“Catching Fire’ burns through gender stereotypes but not in a way that seems contrived or forced. Watching this movie, all you feel is captivated by the story of a brave girl saving the world. The narrative is a metaphor, about a protagonist facing her deepest fears and triumphing, something kids hardly get to see a girl do. My daughter is afraid of elevators, and after the movie, when she stalled in front of of one, we talked about Katniss in the arena, and she jumped right in.

Reel Girl rates ‘Catching Fire’ ***HHH****

 

 

11 thoughts on “‘Catching Fire’ torches Hollywood’s gender stereotypes

  1. I yesterday watched the Pacific Rim Blu-Ray for a second time this time with my 13 yo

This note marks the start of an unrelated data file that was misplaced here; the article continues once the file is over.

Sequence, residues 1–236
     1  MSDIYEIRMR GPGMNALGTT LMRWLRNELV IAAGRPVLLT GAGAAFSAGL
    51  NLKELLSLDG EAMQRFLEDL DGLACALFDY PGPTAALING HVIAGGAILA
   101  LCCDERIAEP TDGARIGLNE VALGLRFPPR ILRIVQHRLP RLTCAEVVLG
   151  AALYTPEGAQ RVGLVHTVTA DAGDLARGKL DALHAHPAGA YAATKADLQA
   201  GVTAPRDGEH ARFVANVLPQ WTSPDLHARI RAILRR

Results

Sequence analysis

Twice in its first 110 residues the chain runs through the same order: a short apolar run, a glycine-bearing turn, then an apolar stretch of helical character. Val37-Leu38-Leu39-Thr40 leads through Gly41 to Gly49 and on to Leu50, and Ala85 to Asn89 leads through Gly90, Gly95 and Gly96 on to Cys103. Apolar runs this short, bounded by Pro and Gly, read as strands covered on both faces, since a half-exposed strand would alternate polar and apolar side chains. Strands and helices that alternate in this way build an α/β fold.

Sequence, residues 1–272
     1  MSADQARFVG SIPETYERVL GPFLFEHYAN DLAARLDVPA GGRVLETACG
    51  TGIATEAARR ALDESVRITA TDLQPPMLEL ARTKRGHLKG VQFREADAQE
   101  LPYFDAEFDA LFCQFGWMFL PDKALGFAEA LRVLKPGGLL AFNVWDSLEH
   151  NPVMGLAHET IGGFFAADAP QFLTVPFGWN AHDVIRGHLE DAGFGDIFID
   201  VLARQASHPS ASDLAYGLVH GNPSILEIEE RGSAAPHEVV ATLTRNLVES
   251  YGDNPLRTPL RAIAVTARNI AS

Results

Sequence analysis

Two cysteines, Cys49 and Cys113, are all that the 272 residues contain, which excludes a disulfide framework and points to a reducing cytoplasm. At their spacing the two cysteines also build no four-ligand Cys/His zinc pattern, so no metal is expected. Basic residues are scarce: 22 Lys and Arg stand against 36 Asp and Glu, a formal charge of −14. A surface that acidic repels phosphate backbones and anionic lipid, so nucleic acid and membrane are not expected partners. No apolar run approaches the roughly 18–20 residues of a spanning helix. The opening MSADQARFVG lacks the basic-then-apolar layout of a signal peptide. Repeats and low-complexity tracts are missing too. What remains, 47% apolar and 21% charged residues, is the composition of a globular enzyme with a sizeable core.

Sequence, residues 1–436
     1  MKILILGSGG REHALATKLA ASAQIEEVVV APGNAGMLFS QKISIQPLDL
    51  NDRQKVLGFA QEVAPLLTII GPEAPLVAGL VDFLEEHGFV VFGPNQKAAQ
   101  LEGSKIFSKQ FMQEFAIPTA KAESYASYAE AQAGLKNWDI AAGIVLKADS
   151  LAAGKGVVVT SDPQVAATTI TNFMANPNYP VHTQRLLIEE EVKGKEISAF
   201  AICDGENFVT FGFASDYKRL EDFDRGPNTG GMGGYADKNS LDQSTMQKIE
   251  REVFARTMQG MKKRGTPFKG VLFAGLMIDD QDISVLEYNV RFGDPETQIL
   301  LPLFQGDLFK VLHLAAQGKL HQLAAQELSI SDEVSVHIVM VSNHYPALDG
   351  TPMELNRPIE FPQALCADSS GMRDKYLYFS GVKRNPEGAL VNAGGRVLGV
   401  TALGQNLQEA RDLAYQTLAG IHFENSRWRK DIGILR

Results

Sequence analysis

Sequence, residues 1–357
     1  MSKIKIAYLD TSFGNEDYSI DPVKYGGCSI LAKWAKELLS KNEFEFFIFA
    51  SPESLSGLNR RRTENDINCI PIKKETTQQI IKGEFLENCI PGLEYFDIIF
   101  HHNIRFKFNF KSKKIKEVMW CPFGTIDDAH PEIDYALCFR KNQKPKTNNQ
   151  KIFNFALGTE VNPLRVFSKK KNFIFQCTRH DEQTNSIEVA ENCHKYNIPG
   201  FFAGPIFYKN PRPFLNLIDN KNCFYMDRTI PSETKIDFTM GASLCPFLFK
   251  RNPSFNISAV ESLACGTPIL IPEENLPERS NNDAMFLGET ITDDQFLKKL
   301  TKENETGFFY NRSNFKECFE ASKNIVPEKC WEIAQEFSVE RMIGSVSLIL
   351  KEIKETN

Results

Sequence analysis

daughter and another girl,friend of hers,who is 11.You are right-amazing what an effect a movie with a heroic female who saves the world can have to a girl. After the end they were both feeling like they can achieve anything.
    Pacific Rim has 2 leads a male and a female but the film is made that way as they are both equally important.They pilot the Jaeger,the massive humanoid war machines you can see at the posters of the movie.Each Jaeger has 2 pilots in our case one male one female and they are the 2 main characters.Seeing a woman piloting in battle this colossal nuclear-powered metallic machine is in itself spectacular.My daughter and the other girl were amazed-and yes they both like action movies.